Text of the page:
As a warning, this is an absolute commentary about fireground radio use, so if that’s not something you’re interested in, skip to your next page-or change channels. See what I did there? And in addition, I’ll start out with a disclosure. I have a significant history of over-communicating. Not only in my day to day life, social media and with my family-but on the fireground as well. Just say’n.
I grew up as a young firefighter where getting some of the bosses to communicate was like pulling teeth. Maybe it was that “information is power” mantra-I don’t know, but trying to get reports on the fireground was either nothing or it was like kids screaming at a Justin Bieber concert. The louder the screamer on the radio, the heavier the fire conditions. Or not. There were “those ” who screamed and when you arrived, you wondered if you were on the same scene as the screamer.
Of course, back then the rare “portable” radio weighed about 10 lbs, the “low band” antenna stood about 2′ tall…and reliability was questionable. Keep in mind also that most crews operating inside didn’t have a radio back then. Things changed.
As portable radios became more available, there was more communication on the fireground – but the problem was kind of like finding Willie Wonka’s “golden ticket”. There was plenty of “chatter” on the air (all those tickets) but little of it really mattered-and when something important was transmitted (the found golden ticket), it got lost with all the other radio traffic-and was often missed. Of course, we didn’t really know too much chatter was a problem (like many things, we just accepted the problem as just “part of the job”) and the behavior was to pretty much talk about and describe by radio, everything you saw or did. Kind of like Harry Caray calling a ball game. (Google him).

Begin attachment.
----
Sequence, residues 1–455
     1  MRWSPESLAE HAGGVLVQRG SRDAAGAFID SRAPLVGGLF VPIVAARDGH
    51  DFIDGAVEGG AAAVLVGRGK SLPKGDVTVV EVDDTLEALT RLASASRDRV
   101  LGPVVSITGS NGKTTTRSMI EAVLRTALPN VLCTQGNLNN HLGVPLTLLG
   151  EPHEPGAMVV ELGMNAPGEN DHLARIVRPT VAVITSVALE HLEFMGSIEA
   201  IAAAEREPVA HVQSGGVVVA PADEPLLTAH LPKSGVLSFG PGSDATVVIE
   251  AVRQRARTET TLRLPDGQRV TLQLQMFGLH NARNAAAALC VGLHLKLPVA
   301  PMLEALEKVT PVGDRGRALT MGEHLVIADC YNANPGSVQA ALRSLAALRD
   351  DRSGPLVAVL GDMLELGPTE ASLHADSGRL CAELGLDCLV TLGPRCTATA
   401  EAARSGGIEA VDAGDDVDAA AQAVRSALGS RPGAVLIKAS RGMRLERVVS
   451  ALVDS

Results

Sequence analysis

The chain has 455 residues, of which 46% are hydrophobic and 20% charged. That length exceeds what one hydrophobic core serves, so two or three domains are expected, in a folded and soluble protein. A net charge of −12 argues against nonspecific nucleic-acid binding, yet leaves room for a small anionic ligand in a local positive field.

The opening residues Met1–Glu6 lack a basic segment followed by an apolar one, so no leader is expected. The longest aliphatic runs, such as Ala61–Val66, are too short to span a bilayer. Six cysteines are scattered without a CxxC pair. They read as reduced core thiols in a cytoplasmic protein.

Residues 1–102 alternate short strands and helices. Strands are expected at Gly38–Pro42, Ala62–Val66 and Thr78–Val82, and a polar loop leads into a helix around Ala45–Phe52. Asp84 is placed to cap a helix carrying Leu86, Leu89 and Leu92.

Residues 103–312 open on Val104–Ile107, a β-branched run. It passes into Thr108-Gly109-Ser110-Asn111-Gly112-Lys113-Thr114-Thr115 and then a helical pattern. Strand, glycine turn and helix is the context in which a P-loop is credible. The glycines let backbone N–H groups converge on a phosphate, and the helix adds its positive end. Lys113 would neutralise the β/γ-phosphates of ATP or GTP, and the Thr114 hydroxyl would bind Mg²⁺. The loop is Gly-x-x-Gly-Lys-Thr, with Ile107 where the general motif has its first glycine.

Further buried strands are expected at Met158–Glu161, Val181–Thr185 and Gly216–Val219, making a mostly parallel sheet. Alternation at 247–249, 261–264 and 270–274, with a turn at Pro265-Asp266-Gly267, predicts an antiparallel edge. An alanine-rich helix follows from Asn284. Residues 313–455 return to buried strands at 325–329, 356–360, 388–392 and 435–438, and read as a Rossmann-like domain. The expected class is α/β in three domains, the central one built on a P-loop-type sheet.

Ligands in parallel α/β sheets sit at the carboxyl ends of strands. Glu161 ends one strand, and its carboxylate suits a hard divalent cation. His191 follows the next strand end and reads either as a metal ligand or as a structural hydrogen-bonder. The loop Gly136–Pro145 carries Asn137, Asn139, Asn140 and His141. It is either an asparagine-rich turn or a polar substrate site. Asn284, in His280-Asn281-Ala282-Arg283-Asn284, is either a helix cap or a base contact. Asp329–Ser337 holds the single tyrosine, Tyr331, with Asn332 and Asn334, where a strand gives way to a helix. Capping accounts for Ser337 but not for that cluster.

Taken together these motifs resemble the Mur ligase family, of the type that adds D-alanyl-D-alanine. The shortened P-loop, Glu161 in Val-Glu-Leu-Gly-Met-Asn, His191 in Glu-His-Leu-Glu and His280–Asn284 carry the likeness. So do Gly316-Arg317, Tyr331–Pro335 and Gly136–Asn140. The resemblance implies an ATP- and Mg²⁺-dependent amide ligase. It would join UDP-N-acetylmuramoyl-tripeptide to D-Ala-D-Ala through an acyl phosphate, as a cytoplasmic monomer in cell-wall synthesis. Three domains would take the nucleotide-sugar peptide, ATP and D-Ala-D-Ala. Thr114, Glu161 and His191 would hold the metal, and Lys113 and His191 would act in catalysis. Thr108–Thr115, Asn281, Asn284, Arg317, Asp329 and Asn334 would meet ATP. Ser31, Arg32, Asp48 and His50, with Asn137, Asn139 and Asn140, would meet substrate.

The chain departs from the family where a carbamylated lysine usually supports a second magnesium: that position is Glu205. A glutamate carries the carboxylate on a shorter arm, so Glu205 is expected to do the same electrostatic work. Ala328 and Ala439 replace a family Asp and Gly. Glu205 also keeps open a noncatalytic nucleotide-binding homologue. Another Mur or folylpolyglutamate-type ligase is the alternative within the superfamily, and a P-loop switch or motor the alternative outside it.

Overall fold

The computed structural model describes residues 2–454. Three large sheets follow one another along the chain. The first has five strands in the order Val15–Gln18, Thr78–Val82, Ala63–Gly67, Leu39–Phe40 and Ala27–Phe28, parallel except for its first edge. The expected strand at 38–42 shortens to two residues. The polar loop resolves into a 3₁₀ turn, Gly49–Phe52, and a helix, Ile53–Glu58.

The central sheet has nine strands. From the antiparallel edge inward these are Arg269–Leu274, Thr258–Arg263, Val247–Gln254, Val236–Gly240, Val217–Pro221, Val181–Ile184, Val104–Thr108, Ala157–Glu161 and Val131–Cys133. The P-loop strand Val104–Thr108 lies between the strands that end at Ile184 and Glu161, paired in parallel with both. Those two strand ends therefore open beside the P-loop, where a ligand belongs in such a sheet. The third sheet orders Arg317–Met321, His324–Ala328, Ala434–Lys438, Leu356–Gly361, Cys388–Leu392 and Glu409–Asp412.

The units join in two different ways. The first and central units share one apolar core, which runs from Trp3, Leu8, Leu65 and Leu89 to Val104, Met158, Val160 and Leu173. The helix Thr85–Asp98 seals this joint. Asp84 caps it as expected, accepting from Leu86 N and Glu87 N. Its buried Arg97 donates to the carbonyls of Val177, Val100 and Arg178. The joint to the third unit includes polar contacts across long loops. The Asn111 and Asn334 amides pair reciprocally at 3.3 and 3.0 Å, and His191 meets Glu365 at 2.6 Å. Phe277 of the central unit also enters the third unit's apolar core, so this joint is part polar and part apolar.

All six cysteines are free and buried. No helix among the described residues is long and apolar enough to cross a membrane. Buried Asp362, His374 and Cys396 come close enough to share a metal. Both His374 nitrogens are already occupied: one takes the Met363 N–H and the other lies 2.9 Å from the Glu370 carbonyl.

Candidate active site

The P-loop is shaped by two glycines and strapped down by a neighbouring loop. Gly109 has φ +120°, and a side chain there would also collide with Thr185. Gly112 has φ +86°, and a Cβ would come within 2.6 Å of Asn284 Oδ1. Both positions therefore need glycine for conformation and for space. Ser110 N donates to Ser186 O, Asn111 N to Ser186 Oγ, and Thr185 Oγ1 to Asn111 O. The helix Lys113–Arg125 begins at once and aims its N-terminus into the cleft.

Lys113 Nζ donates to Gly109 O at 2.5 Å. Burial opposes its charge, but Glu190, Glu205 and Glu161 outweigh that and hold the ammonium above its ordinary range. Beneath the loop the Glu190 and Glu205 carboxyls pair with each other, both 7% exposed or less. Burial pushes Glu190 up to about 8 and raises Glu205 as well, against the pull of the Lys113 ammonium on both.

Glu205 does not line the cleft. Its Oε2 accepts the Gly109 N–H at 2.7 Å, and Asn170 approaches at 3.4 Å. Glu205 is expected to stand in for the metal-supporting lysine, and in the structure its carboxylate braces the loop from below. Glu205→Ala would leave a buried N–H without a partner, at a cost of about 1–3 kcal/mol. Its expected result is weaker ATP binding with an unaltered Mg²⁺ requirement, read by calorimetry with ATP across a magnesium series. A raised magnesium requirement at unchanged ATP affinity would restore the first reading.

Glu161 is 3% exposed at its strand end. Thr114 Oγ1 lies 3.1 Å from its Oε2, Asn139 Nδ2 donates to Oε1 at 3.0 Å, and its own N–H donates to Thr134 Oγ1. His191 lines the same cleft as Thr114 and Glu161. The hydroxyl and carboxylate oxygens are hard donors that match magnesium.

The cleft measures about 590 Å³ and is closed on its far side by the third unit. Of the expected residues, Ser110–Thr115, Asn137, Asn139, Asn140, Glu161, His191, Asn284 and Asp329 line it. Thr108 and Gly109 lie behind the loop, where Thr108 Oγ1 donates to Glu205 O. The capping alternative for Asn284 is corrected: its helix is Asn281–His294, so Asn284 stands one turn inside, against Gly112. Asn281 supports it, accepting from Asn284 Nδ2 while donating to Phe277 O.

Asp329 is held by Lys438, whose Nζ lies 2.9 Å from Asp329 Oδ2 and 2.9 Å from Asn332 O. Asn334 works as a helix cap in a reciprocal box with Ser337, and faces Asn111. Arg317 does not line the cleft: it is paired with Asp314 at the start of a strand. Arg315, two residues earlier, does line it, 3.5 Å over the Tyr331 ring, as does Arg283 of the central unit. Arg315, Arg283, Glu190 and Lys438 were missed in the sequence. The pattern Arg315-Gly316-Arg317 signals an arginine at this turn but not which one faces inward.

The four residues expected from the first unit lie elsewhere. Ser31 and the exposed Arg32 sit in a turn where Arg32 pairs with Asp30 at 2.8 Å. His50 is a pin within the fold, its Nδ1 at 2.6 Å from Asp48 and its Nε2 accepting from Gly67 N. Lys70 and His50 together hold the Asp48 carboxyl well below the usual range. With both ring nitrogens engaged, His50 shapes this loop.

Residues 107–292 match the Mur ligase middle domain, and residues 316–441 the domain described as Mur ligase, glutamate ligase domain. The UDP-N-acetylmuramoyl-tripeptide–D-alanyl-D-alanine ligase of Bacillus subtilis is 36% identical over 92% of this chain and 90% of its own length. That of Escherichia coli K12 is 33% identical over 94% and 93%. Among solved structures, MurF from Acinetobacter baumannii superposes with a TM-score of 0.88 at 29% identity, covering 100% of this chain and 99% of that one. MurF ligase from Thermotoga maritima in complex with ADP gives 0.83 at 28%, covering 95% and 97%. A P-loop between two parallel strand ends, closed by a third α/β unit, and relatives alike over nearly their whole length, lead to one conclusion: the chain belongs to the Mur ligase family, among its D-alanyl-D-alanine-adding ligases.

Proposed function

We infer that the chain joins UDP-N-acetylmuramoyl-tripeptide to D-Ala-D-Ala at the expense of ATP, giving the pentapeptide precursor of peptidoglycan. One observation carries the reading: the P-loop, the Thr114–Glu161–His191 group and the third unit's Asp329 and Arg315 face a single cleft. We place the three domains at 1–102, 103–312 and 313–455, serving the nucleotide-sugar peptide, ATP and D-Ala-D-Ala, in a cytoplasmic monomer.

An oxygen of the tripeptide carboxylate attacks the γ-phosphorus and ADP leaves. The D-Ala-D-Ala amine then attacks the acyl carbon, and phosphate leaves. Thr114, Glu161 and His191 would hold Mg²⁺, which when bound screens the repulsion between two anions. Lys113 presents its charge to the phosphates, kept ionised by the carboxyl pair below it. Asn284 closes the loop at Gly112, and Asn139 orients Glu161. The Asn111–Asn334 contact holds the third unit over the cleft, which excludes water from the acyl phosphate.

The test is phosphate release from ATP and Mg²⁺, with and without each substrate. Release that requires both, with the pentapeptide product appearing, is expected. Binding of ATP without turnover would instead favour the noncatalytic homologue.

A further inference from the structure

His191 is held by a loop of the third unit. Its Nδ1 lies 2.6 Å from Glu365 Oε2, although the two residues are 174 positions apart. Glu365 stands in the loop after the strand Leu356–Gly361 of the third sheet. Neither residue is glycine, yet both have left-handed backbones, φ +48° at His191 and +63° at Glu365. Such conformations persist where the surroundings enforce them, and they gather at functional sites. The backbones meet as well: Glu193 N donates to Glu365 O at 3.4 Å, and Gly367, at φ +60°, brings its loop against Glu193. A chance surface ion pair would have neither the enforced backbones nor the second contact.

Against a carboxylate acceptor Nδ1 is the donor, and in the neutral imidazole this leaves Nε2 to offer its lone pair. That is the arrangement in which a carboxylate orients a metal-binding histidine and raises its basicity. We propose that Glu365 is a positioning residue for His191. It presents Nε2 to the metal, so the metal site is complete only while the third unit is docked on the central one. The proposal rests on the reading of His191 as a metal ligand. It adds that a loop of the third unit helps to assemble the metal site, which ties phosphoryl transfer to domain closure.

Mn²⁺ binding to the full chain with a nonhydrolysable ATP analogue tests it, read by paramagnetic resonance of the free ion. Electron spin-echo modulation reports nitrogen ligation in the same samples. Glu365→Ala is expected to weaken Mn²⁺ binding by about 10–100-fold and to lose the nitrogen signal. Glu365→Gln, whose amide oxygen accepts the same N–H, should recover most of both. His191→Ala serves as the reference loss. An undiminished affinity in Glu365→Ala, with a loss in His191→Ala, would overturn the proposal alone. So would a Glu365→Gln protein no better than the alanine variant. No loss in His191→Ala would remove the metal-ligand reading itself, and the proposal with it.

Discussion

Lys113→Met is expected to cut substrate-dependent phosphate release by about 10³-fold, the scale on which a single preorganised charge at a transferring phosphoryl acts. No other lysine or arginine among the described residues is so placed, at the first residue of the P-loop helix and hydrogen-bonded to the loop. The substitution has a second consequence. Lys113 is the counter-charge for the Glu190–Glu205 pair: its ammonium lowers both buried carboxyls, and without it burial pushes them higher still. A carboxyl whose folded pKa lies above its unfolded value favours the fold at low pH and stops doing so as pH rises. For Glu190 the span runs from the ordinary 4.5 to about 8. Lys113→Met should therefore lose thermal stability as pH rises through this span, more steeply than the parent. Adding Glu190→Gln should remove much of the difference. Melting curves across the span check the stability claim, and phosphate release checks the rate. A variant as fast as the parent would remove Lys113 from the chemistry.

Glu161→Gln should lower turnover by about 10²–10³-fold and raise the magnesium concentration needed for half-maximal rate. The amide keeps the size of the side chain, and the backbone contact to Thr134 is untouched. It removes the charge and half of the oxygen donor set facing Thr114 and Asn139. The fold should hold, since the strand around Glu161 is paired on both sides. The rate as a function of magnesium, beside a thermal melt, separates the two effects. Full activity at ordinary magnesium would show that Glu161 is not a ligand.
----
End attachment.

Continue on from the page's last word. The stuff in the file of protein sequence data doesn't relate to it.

Many area firegrounds have changed since then…and some have not. I have been forced to change and yet still, some days I feel like saying a bit more on the radio than is actually needed. Rest assured, I have all kinds of loving “friends” who always remind me. I also go back and listen to radio recordings of every working incident I respond and operate on as a self critique. At the very young and youth-filled age of 65, I continue to learn.
I also listen to a lot of radio traffic both locally as well as nationwide-with every incident an opportunity to learn. More often than not these days, radio on the fireground is much more disciplined and purpose driven than ever before. Why? Because some Fire Chiefs have decided how they want the fireground to operate and to be communicated on. Leadership.
Of course some areas and or departments still don’t get it. Endless chatter as if it’s a phone conversation, no discipline, ignoring assignments, firefighters talking on top of each other, companies talking on “their own” fireground radio channels and all the other stuff we’ve been told to not do by those who investigate firefighter line of duty deaths. Some fireground radio traffic is actually quite unbelievable…
Here is the rest of this commentary-with some solutions- if I’ve kept you interested so far, and I haven’t “talked you” to sleep…